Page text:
What is your goal for the program? How do you help athletes set their own goals?

The goal for program is to be a year in, year out NCAA championship contender, in getting to the NCAA Tournament year in and year out. To build that consistency where we’re winning 20-plus games per year, and putting ourselves in a position where we make that top 68 and advance to postseason play. When you’re a good program, the way the seeding works, you always have an opportunity to win it. But you can’t win if you’re not in it.

We meet just one-on-one meetings maybe four times a year. In each of those meetings I reassess, and I talk to each player: this is what your goal was – is this still what your goal is? And we go from there. My goal for each of my players is to help each of them attain what their personal goal is. Some definitely want to play at the next level, so I make sure I do everything I can for them to help make that happen. Some know they might play at the next level, but they might also want to go to law school. So I might say, stop having a plan B – let’s go for plan A. If it’s law school, you have to prepare and work to be a professional. It’s OK, but they need to be making sure they’re working their butts off while they’re here. My biggest goal for them as individuals is to truly understand how much they’re in control of their lives. They set the bar for what they want, and whatever that is, they have to go after it. No excuses – just do it. Two things I’ve never regretted is working hard and being a good person. Do those things, and don’t limit yourself.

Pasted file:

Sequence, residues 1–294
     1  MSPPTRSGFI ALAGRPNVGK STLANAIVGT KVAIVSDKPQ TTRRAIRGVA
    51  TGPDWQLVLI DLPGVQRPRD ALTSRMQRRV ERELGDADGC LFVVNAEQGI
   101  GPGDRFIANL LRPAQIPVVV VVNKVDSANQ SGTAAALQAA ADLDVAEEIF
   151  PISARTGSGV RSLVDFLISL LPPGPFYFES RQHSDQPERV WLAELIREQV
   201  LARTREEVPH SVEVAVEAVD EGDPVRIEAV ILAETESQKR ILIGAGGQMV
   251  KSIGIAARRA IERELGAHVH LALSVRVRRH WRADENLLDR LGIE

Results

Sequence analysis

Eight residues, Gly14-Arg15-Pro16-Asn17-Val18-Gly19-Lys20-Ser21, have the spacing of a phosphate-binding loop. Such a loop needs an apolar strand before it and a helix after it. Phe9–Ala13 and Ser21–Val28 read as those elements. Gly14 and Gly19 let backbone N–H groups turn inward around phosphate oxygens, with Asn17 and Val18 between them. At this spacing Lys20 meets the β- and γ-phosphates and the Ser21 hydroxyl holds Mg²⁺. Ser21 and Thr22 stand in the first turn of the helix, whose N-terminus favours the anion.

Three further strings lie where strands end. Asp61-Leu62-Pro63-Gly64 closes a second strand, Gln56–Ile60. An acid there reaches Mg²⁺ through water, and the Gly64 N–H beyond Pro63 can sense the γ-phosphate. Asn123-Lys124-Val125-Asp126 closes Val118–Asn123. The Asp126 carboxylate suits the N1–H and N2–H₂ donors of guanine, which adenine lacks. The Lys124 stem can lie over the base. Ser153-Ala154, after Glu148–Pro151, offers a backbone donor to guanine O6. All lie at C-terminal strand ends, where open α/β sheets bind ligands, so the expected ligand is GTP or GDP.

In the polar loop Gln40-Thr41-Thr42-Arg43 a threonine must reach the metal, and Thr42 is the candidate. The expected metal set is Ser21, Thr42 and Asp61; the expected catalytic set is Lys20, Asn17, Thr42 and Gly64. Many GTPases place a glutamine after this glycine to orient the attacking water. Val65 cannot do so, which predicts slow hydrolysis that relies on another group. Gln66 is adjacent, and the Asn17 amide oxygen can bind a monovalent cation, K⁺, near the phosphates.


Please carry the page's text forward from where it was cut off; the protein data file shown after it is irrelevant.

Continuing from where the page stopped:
What are some things you try to impart to your players that you wish you had known when you were younger?

Sometimes you can’t take yourself so seriously. Try to be immersed in the moments and enjoy them. Don’t try to look too far into the future, and don’t look back unless there’s a lesson to be learned.

What is on your bucket list?

For sure, winning a national championship as a head coach. My bucket list of retirement is traveling: I want to go everywhere – the pyramids of Egypt, China – I want to go everywhere. I’ve always wanted to go to some secluded beaches, but I also love fun and excitement, crowds and energy. I kind of like everything. And of course on another level is watching the players that you’ve coached grow up and now be adults with their lives and stay in touch with you, and you get to see how they’re doing. That’s one great thing about social media is the ability follow people. So my bucket list is to see everyone whose lives I’ve been blessed to be a part of succeed, and that includes my children. I want to see everyone enjoy success.